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Janice R. Bellace

At the 2012 International Labour Conference (ILC), a controversy arose when the Employers’ group in the Committee on the Application of Standards (CAS) challenged the annual survey presented by ILO Committee of Experts (CEACR). The employers denounced the CEACR opinion not only for stating that ILO Convention No. 87 protects workers’ right to strike, but also arguing that the CEACR had exceeded its mandate by interpreting a Convention. This disagreement led to the first failure of the CAS to examine cases since 1927. Although the implications for the right to strike have been much discussed, the controversy also has troubling implications for the ILO itself; and potentially for the global governance of human rights at work. Because those outside the ILO have sometimes looked to it for guidance in interpreting certain human rights, the Employers’ stance appears to be aimed at preventing the ILO from speaking with one voice. But the implications of the 2012 ILC incident are broader. The Employers’ stance at the 2012 ILC effectively produces a fragmented view of fundamental rights. The Employers’ position — that each nation state can decide what the human right means — does not accord with the prevailing legal view that internationally recognized human rights have a meaning and that member States must cede sovereignty and act in accordance with the international understanding of the right expressed in the Convention or treaty. Rather than a minor skirmish between Employers and Workers, the Employers’ position at the 2012 ILC, if accepted, would undermine the entire post-World War II notion of universal human rights.

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Janice R. Bellace

Since 1919, there have been international efforts to regulate working conditions. Traditionally, governments ratified conventions and then enacted laws obligating employers who were within their jurisdiction to abide by certain standards. In the 1970s there was the realization that some multinational enterprises (MNEs) could act in ways affecting workers quite differently than domestic employers. This led to a spate of soft law guidelines aimed at MNEs. By the 1990s, globalization and the phenomenon of global supply chains showed the inadequacy of this approach to regulating the corporate behaviour as companies (not necessarily ‘employers’) and brands sourced products from vendors in other countries, many of which did not adhere to international labour standards. This chapter traces the evolution of efforts to regulate the behaviour of companies, from soft law to hard law, and examines how notions of fundamental rights have evolved into acceptance that business should respect human rights, including the human rights of persons at work, and how this has affected the CSR stance of companies.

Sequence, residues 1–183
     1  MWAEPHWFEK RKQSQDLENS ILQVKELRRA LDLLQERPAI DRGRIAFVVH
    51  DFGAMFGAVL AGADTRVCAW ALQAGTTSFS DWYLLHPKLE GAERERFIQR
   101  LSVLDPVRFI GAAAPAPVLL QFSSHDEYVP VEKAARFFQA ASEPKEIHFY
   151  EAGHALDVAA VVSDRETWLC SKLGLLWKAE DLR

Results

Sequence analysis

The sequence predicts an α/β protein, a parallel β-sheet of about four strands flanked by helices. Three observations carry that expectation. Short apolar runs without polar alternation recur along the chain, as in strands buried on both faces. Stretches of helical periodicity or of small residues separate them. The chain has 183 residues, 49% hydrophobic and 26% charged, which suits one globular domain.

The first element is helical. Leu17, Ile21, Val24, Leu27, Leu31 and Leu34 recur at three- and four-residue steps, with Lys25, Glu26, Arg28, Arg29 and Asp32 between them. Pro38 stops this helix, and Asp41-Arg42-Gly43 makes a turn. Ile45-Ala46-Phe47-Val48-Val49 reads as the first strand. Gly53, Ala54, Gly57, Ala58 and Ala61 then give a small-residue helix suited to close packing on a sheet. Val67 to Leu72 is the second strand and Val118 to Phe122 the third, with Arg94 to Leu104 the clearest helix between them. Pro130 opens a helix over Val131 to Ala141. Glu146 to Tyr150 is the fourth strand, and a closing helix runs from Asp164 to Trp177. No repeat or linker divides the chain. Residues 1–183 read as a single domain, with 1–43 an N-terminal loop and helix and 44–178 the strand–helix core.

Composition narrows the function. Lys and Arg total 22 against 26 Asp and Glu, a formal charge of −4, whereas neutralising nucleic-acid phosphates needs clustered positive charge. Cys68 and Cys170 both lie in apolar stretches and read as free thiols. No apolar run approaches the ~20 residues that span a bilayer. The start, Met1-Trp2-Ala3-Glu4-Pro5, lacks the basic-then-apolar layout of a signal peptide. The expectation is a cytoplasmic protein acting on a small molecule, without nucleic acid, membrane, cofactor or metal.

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Edited by Janice R. Bellace and Beryl ter Haar

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Janice R. Bellace and Beryl ter Haar

Virginia Leary once observed a curious phenomenon: that labour law and human rights law are on parallel tracks that rarely cross. This phenomenon is unexpected because some of the most obvious violations of individuals’ human rights, for instance, slave labour or child labour, occur when they are working. But until recently many human rights scholars veered off and focused on civil and political rights, all but ignoring rights that are violated when people are working. It is as if individuals, when they are viewed as workers, are compartmentalized, sealed off and cast to the side in human rights scholarship. This may result from the fact that some see labour law as governing work relationships and fail to consider the human rights dimensions of the employment or work arrangement. It may also result from the fact that those human rights scholars who focus on civil and political rights tend to see the State as the actor who violates the human rights of individuals, either directly or by failing to enforce the law or remedy violations. This is a very public law focus, and most employment and work relations are the subject of private law. Except when considering the most blatant situations (such as slavery), human rights scholars typically overlook how human rights guarantees affect people at work. This lack of consideration may be related to the fact that most employment and work relationships flow from an agreement by the worker to perform work in return for compensation.

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Edited by Janice R. Bellace and Beryl ter Haar

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Edited by Janice R. Bellace and Beryl ter Haar

You do not have access to this content

Edited by Janice R. Bellace and Beryl ter Haar

You do not have access to this content

Edited by Janice R. Bellace and Beryl ter Haar

You do not have access to this content

Edited by Janice R. Bellace and Beryl ter Haar

You do not have access to this content

Edited by Janice R. Bellace and Beryl ter Haar